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Treasure Planet (2002)

Rating: 4/10

Running Time: 96 minutes

UK Certificate: u

It's like Treasure Island , only set in space. What an idea! Why didn't anyone think of it sooner? Probably because it's rubbish.

If fans of the Robert Louis Stevenson classic were peeved by the Muppet's attempted reworking a few years ago, then they should definitely hide their eyes now. For this charmless sci-fi caper, Disney have taken it upon themselves to make Jim Hawkins a sulky floppy-haired space-surfing delinquent, and Long John Silver a robot-armed cyborg with a cutesy shape-shifting pink blob where once you'd have expected a parrot. Disney have provided us with some wonderful characters over the years, but you'll struggle to find any in here.

Hawkins gets the opportunity to escape the whining of his suspiciously young-looking single mum when he discovers a star chart leading him to the hidden “loot of a thousand worlds”. So, accompanied by a particularly irritating friend of the family going by the name of Dr Doppler, he sets off on a ship captained by an Emma Thompson-voiced captain and a crew of predictably mutinous mutants.

It's all formulaic Disney fare, but from the directors who brought us the triumphs that were Aladdin and The Little Mermaid you expect much more. Yes, the animation is brilliant, and the space theme provides the perfect opportunity for Disney to show off the full whack of its' cartoon capabilities. But we already know Disney can do that. It just wouldn't be one of Walt's flicks if it didn't utilise the latest cutting edge technology, but that's no substitute for good ideas, a sharp script, likable characters and a fun soundtrack. Unfortunately, Treasure Planet struggles to keep its head above water in all four of those areas.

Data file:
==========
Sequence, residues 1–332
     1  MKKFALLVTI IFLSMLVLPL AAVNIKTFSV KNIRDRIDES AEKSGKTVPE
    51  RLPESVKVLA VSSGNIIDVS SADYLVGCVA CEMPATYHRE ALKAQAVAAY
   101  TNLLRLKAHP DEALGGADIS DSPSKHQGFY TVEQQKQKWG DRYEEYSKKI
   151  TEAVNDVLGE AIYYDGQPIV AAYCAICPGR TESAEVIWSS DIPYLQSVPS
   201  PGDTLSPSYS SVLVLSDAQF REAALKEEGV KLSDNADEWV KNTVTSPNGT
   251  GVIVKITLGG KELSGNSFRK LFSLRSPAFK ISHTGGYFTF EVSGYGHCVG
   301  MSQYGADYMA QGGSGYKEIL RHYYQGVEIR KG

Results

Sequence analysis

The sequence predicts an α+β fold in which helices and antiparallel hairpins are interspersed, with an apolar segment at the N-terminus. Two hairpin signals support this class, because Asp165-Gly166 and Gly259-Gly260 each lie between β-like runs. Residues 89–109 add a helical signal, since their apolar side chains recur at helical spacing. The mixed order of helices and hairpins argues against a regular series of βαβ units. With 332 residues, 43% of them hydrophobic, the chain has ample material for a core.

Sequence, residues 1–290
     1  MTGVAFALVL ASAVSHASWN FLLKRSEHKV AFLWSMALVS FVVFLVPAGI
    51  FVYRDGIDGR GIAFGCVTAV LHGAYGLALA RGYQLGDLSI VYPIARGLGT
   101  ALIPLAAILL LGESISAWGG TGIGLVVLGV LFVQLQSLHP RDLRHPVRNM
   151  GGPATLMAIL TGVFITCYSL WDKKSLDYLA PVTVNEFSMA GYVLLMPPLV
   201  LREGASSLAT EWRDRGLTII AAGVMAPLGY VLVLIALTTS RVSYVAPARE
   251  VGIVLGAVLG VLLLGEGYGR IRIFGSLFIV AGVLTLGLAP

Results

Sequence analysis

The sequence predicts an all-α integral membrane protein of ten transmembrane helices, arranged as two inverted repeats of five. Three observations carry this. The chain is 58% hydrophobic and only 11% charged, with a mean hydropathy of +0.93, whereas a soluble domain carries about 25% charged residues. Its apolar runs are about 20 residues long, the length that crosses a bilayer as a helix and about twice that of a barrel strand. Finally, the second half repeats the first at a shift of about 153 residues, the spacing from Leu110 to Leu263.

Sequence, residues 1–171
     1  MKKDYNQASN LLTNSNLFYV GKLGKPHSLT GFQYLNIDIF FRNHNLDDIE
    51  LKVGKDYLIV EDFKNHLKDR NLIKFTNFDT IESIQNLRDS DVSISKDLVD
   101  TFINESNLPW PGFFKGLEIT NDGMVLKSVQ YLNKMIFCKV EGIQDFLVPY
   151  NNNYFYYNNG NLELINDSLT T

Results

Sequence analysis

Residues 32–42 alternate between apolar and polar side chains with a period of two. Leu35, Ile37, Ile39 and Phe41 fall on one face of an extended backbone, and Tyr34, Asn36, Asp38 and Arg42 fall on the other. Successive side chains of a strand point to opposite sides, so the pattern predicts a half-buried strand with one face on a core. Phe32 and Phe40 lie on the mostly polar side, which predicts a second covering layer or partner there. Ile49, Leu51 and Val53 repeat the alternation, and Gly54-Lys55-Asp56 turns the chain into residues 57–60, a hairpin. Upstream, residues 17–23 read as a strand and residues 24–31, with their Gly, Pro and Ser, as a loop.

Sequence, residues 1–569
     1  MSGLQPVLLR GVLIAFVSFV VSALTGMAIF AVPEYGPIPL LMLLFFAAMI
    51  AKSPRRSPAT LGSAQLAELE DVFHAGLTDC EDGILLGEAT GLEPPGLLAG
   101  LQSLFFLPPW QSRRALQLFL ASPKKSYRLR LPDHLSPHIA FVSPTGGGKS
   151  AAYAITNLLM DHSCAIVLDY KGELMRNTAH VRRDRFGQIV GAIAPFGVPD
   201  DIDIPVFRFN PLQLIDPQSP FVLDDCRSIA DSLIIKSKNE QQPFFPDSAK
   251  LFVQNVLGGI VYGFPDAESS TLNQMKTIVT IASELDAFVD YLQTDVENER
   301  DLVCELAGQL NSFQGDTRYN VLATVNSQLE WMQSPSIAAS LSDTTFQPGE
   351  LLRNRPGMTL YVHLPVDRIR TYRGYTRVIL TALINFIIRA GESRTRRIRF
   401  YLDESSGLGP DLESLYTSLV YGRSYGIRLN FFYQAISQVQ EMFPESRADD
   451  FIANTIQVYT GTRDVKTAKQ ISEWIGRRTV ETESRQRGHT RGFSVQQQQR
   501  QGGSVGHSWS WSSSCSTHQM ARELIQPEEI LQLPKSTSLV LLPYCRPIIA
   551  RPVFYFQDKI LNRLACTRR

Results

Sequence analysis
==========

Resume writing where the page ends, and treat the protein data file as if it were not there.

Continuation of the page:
This contrived attempt at recapturing the spirit of Disney adventures of old is to be followed swiftly into cinemas by a sequel to The Jungle Book. Is that the sound of great minds whirring we hear emanating from Disney HQ? Nope, it's the sound of a barrel being scraped.

It's Got: Martin Short as the malfunctioning hyper-annoying robot B.E.N. – the things you see when you don’t have a tin-opener.

It Needs: To dump the groaning "adult" soundtrack and inject some proper fun.


The quality of the animation never fails to impress, but can’t cover up for the fact that this is one of the blandest cartoon tales ever to come out of the Disney studios. Extremely disappointing.